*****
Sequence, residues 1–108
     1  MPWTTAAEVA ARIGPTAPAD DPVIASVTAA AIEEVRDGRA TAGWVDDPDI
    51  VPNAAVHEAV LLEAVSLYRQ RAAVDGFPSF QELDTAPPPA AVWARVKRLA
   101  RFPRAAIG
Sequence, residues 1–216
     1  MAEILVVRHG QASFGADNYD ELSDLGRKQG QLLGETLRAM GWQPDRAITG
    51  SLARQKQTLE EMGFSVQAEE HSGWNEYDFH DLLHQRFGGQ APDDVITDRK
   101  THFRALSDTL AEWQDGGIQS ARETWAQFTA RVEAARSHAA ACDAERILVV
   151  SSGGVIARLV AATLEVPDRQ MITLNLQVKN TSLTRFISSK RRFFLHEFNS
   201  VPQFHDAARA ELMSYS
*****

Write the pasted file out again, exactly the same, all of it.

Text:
Sequence, residues 1–108
     1  MPWTTAAEVA ARIGPTAPAD DPVIASVTAA AIEEVRDGRA TAGWVDDPDI
    51  VPNAAVHEAV LLEAVSLYRQ RAAVDGFPSF QELDTAPPPA AVWARVKRLA
   101  RFPRAAIG
Sequence, residues 1–216
     1  MAEILVVRHG QASFGADNYD ELSDLGRKQG QLLGETLRAM GWQPDRAITG
    51  SLARQKQTLE EMGFSVQAEE HSGWNEYDFH DLLHQRFGGQ APDDVITDRK
   101  THFRALSDTL AEWQDGGIQS ARETWAQFTA RVEAARSHAA ACDAERILVV
   151  SSGGVIARLV AATLEVPDRQ MITLNLQVKN TSLTRFISSK RRFFLHEFNS
   201  VPQFHDAARA ELMSYS